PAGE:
In as many as 70% of patients with tinea faciei, various other dermatoses are considered. Tinea faciei is the most frequently misdiagnosed entity among cutaneous fungal infections. The atypical clinical features and incognito presentations support the separation of this disease from tinea corporis.[24]  Occasionally, tinea faciei may simultaneously occur with other forms of dermatophyte infections, especially tinea capitis and tinea corporis.

Tinea faciei caused by anthropophilic fungi may be less inflammatory and produce larger facial patches, whereas zoophilic ones may have more inflammatory and have smaller patches.[25]

 

DDx

Diagnostic Considerations

Also consider the following:

  • Aspergillus infections under applied tape in neonates
  • Demodex folliculitis
  • Pseudofolliculitis [26]
  • Folliculitis [27]
  • Impetigo [28]

Occasionally, lupus vulgaris may be in the differential diagnosis of particularly deep-seated annular plaques.

Tinea faciei may be misdiagnosed as discoid lupus erythematosus, seborrheic dermatitis, rosacea, or contact dermatitis.[29, 30, 31, 32] Tinea faciei is the most frequently misdiagnosed entity among cutaneous fungal infections. The atypical clinical features and incognito presentations support the separation of this disease from tinea corporis. Occasionally, tinea faciei may simultaneously occur with other forms of dermatophyte infections, especially tinea capitis and tinea corporis.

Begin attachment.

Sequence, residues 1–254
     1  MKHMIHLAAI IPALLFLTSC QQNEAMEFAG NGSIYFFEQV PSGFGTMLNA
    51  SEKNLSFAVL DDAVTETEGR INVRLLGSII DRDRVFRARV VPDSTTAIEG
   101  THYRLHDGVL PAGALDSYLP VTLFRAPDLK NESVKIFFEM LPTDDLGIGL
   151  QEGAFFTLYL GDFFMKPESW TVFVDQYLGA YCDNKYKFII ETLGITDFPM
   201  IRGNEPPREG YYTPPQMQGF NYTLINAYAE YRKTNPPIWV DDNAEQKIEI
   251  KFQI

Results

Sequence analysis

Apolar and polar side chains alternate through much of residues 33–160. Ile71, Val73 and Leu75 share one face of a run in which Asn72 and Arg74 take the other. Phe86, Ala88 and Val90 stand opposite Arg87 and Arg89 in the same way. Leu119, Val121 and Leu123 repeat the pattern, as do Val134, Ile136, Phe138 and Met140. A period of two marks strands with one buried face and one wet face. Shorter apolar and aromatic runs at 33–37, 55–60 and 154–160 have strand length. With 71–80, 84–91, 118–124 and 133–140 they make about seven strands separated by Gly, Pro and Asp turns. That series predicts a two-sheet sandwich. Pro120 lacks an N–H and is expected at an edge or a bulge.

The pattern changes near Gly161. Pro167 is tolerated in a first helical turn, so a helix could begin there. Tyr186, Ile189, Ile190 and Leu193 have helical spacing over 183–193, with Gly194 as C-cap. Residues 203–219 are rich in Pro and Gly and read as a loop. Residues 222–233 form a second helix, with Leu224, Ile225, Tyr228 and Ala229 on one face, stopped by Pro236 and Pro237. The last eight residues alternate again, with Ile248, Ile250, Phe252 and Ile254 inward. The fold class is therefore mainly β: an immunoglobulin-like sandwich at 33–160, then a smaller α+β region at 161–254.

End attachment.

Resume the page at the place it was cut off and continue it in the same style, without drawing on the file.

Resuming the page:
Differential Diagnoses

 

Workup

Laboratory Studies

Even in the best mycology laboratories, as many as 30% of culture results may be negative, particularly in chronic infections.

Mycologic investigation is essential in the diagnosis of tinea faciei. It includes direct microscopic examination for hyphal elements and culturing.

The collection of the surface scrapings is important for laboratory studies. The material should be obtained from the border of the lesions where the more severe inflammatory reaction occurs and where more fungal elements are present.

Direct microscopic examination is the easiest mycologic procedure. Scrapings are placed in 10-20% potassium hydroxide (KOH) solution, usually with the addition of dimethyl sulfoxide (DMSO). The latter helps to dissolve background keratinocytes to enable visualization of the fungal elements. After warming the slide for a short time, the specimen is examined with a light microscope. Some authors suggest detection is enhanced with special stains, such as chlorazol black E, Parker blue-black ink, or Swartz-Lamkin stain.

Culturing allows the identification of the causative pathogen. Culturing is performed routinely with Sabouraud agar and the addition of cycloheximide and chloramphenicol. These substances inhibit the growth of bacteria and other contaminants. After 3-4 weeks of incubation, the final identification is based on morphologic and microscopic findings in the colonies.